Diversity is a fraught topic in any industry that sees a large percentage of its revenue emerging from first-world nations. For one thing, it’s incredibly subjective as a concept. What is diversity? Is it race? Gender? Sexual orientation? Physical constructs? Is it neurological, ideological, attitudinal? Does it encompass biases, or preferences in leadership style? Where does diversity begin and where does it end? And who is “diverse”?
As an Indian female leader with children, I encompass several simultaneous definitions of diversity, but one could argue that to surround myself with people just like me in a team setting would not at all be conducive to inclusiveness or problem-solving. But if we ignore racial and gender diversity and don’t seek to create a more demographically representative landscape within our workplaces, what are we even fighting for in the first place?
This nebulous state of labels inevitably got us into a bit of trouble in analysing our data.
We presented two questions related to diversity in our latest recruitment industry trends survey. First, we asked respondents if they agreed, disagreed, or had no opinion on the idea that “there is a diversity problem in recruitment.” Next, we asked them if they agreed, disagreed, or had no opinion on whether “diverse organisations are more effective than others.” We sought to assess two elements within a larger chronology as they pertain to diversity - first, does our industry have a problem? And secondly, is that problem even worth solving?
Almost half (49 percent) of Australia and New Zealand respondents overall felt that there was a diversity problem in recruitment, with tellingly less - 39 percent - stating that there was no problem. And 13 percent with no opinion on the matter. The next question, and arguably the more important one, spoke to whether or not recruiting professionals felt that diverse organisations are stronger. We were heartened to see that 64 percent of respondents felt this to be true, with 21 percent disagreeing, and only 15 percent having no opinion. Overall, Australia and New Zealand recruitment professionals have a much more positive perspective on diversity and its benefits to agencies than their North American and European colleagues.
Do you agree or disagree with the following statements?
What are the conclusions to unpack here? First, while our recruitment trends data is accurate, it’s accurate only in reflecting the sentiment that respondents have. Respondents generally think that we have a diversity problem in the recruitment industry. This does not necessarily mean we have one. It’s simply that it’s widely perceived, you could say the jury is out. There are two resulting interpretations. One is that we truly have an issue. The second is that the industry isn’t diverse enough to recognise that there is an issue. If a dinner table full of guests didn’t grow up eating spicy food, they may not even notice when an entree is unseasoned.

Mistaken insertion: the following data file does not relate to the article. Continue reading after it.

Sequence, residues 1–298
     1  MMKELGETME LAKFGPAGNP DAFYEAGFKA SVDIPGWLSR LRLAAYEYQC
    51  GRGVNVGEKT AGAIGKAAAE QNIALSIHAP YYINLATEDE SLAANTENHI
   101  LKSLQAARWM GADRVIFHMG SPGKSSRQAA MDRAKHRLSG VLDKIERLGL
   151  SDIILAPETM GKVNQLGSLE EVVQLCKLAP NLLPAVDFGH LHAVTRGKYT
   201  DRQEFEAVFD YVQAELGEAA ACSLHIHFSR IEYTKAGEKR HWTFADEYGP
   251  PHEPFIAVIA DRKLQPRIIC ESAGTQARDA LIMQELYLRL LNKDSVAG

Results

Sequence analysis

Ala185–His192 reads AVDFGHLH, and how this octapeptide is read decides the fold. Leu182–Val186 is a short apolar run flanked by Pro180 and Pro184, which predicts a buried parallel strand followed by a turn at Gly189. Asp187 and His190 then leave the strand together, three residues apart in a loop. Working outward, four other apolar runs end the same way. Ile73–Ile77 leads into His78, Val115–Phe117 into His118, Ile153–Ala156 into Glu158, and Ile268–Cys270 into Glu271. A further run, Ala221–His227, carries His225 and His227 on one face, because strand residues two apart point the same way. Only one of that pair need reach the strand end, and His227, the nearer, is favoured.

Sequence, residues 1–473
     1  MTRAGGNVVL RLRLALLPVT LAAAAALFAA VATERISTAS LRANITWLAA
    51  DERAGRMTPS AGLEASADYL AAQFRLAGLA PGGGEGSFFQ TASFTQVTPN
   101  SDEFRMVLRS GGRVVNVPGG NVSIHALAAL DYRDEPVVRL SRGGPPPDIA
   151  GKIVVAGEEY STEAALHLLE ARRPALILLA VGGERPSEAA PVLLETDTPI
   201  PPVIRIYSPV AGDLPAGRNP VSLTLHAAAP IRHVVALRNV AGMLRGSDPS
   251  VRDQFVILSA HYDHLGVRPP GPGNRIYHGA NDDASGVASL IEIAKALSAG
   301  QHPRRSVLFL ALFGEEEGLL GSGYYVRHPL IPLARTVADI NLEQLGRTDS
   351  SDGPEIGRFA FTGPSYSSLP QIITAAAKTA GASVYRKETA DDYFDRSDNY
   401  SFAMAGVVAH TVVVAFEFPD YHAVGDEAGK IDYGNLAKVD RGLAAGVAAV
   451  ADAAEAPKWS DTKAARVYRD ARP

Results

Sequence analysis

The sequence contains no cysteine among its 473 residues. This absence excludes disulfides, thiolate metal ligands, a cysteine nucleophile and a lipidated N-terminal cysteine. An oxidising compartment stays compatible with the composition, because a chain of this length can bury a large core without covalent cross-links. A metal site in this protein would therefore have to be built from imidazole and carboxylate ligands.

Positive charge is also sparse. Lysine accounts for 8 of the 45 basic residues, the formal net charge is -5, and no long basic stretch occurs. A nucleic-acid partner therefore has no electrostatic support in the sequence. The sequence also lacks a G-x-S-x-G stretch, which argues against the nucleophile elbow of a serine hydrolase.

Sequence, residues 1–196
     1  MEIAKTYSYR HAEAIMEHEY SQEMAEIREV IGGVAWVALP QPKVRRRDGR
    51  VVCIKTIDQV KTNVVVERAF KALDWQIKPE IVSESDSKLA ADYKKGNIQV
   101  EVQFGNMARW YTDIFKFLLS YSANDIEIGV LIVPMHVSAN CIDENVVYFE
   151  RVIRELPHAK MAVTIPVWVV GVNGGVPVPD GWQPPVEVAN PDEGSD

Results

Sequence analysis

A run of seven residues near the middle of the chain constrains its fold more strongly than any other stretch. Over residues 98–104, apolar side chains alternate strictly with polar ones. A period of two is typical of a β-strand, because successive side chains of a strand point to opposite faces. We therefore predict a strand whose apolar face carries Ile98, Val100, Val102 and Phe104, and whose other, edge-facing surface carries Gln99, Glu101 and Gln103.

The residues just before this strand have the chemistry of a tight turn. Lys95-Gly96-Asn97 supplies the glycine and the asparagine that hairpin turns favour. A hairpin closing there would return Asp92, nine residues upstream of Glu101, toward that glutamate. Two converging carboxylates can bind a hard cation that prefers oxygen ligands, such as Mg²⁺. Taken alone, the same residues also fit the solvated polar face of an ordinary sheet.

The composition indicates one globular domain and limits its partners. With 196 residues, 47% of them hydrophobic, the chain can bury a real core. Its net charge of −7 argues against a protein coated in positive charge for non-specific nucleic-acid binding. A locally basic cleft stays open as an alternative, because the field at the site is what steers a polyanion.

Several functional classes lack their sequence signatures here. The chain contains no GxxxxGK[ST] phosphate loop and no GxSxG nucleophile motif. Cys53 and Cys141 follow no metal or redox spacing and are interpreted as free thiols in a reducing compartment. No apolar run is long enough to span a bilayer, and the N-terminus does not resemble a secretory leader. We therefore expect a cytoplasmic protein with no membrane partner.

Additionally, it appears respondents feel more strongly that diversity is a business asset rather than a hindrance. Hooray that future leaders acknowledge the power of different viewpoints in effective problem solving, but one would hope that senior leaders would already be fully on board there.
At our Engage Boston conference in 2017 and 2018, we addressed the importance of creating a diverse and inclusive workforce both internally within our companies and externally for our clients. At Jackye Clayton’s highly-attended diversity session in 2018, she pointed out that it’s all too easy to think that having a black employee makes a company “diverse,” when reality suggests: this representation is remarkably lower than the percentage of black people in the general community; the employee may not feel included in the decision-making process; and tokenism is historically problematic for countless reasons. Conversely, having a large percentage of women employees at a tech company is wonderful, but doesn’t absolve a company of culpability when none or just a handful of its leaders are women.
Taking a more global view on the issue, sixty-five percent of Australia and New Zealand respondents and 64 percent of Mainland Europe respondents believe that diverse organisations are stronger, versus 60 percent of UK and Ireland respondents and 54 percent of U.S. and Canada respondents. Considering that all of the areas we surveyed feature predominantly Caucasian workforces, it’s interesting to see such a swing between ANZ and the U.S. and Canada.
Again, our findings are merely directional, but it’s likely worth further exploration to see how your agencies size, region, and type of recruitment impact the findings. We encourage you to slice and dice the data interactively and compare the results to your own existing opinions on the state of diversity in our industry.
Recruiting professionals are experts in human potential, and it’s no surprise that we’re on the leading edge as far as understanding the power of a diverse workforce. We’ll be curious to see how perceptions evolve comparatively as years go by.